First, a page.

Sunday, August 31, 2014

Brahmi Script – Modern Name to Oldest Writing

Brahmi Script
Brahmi is a modern name which is given to one of the oldest writing that had been used in the Indian subcontinent as well as in Asia at the time of the last centuries BCE and the early centuries CE. It represented some of the earliest post Indus corpus of texts together with some of the early historical inscriptions which were found in India and was the ancestor to many of the scripts which were found in South, Southeast and East Asia.

Tamil Script
Some of the best known Brahmi inscriptions are the rock cut edicts of Ashoka found in north central India which dates back to 250 – 232 BCE deciphered by archaeologist, philologist and official of the East India Company, James Prinsep, in 1837. Much debate has been going on about the origin of the script with current Western academic opinion generally agreeing that the Brahmi was the result from or at least influenced by one or several contemporary Semitic scripts though current opinion in India preferred the idea that it was connected to the older and yet to be deciphered Indus script.

The script appeared by the 5th century BCE in India and several local variants in the early texts indicated that its origin was way back in time and that there were several theories based on the origin of the Brahmi script.

Different Theories on Brahmi

Brahmi Script
The first theory was that Brahmi has a West Semitic origin and the symbol for ‘a’for instance resembles Semitic letter `alif’. So also `dha, tha, la’ and `ra’ also appear more or less close to their Semitic counterparts.

Another theory proposes a Southern Semitic origin and the third theory holds that the Brahmi script was from Indus script.The 5th century of the Gupta script is at times called `late Brahmi’, which is diversified into various local variants and have been classified as the Brahmic scripts. Several of the modern scripts that have been used across South Asia have come from Brahmi which has made it one of the world’s influential traditions in writing.

 Some of the earliest Ashoka inscriptions were found all over India besides the Kharoshti writing in northwest which are highly uniform. Regional variants had begun to develop towards the late 3rd century because of the difference in the material used for writing as well as to the structures of the language that was used.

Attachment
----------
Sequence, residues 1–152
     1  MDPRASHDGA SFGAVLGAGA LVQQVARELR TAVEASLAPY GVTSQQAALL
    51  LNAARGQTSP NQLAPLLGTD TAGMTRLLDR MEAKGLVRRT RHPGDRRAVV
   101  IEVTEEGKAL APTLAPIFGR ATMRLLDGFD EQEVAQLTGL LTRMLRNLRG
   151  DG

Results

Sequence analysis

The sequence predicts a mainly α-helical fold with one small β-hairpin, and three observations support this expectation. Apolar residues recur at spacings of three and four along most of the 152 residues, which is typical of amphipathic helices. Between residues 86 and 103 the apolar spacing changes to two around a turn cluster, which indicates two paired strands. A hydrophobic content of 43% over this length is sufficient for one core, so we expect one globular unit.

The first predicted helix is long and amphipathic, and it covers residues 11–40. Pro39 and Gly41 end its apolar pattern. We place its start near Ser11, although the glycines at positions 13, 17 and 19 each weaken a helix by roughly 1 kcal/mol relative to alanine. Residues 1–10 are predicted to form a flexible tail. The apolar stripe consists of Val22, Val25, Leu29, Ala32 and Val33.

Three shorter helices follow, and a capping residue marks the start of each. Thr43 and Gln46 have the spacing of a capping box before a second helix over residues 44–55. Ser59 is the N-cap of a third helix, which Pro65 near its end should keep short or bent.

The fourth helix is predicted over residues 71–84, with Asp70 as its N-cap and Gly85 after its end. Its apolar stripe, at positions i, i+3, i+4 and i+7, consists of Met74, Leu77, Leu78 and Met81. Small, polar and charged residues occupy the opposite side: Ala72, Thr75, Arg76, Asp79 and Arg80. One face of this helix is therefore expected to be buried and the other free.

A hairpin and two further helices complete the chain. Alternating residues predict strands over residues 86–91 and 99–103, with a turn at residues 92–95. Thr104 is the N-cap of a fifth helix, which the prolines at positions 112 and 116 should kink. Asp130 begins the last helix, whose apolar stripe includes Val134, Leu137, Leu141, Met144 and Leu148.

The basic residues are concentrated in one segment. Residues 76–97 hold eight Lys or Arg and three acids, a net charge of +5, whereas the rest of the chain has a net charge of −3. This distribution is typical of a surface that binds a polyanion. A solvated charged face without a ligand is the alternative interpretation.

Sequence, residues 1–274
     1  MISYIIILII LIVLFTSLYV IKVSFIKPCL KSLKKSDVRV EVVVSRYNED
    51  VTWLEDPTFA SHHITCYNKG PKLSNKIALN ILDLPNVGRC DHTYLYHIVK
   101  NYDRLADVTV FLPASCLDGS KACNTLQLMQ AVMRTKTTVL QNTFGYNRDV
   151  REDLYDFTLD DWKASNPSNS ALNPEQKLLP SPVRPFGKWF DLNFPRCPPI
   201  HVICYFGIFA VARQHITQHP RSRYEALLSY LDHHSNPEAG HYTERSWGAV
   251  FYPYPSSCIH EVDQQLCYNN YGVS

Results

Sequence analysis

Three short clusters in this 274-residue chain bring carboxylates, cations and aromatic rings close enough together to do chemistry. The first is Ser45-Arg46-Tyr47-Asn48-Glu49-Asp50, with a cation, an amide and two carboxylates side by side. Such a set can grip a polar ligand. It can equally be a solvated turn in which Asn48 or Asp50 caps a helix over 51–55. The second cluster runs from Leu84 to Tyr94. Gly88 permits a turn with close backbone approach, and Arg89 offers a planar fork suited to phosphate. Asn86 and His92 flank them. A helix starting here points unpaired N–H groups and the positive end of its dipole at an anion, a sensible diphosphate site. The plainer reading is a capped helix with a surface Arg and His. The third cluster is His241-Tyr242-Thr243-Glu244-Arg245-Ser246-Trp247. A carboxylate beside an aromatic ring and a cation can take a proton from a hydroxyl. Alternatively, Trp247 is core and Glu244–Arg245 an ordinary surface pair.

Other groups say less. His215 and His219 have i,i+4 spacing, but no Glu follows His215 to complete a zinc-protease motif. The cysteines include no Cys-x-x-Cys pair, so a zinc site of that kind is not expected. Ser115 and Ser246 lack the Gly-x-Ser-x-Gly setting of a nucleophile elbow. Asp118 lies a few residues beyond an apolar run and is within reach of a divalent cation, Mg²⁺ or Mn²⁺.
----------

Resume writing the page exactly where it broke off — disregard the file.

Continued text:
Brahmi Written from Left to Right

Tamil Script
In South India, the earliest evidence of Brahmi script is from Bhattiprolu in Andhra Pradhes which was written on an urn containing Buddhist relics probably in Prakrit and old Telegu where twenty three letters were identified.

While letters like ga and sa seems same to Mauryan Brahmi, bha and da resemble the modern Telugu script. It is observed that Brahmi is written from left to right and is an abugida which means that each of the letters represents a consonant and the vowels are often written with obligatory diacritics known as matras in Sanskrit except whenever the vowel begins with a word.

 Whenever no vowel is written the /a/ vowel is understood and this default short a” is a characteristic which is shared with Kharoshthi though the vowels may differ in other respects. Vowels which follow a consonant are written or are inherent by diacritics though initial vowels tend to have dedicated letters. The three vowels in Brahmi are /a/, /i/, /u/ and long vowels come from the letters for short vowels though there are only five vowels diacritics as short /a/ is comprehended if no vowel is written.

Special Conjunct Consonants Used

Indus Script
Special conjunct consonants are also used to write consonant clusters like /pr/ or /rv/ and in modern Devanagari, the components of a conjunct is written from left to right whenever possible, while in Brahmi, the characters seems to be joined vertically downwards.It has been observed that the basic system of vowels are common to Brahmi and Kharosthi wherein every consonant is understood, followed by a vowel and this was well suited to Prakrit though Brahmi adapted other languages, a special notation known as the `virama’ was introduced to mark the omission of the final vowel.

During the early Brahmi period, the punctuation marks was not very popular and letter had to be written independently with some space between edicts and words at times. During the middle era, the system seemed to be progressing and the use of a dash together with a curved horizontal line was found while a flower mark was considered to mark the end and a circular mark indicated a full stop with varieties of full stop.

Towards the later period, the system of inter-punctuation marks got somewhat complicated, where for instance, there are four types of vertically slanted double dashes which resemble `//’ to mark the end of the composition. The signs remain a bit simple in the inscription inspite of all the decorative signs which were available at the time of the late period.

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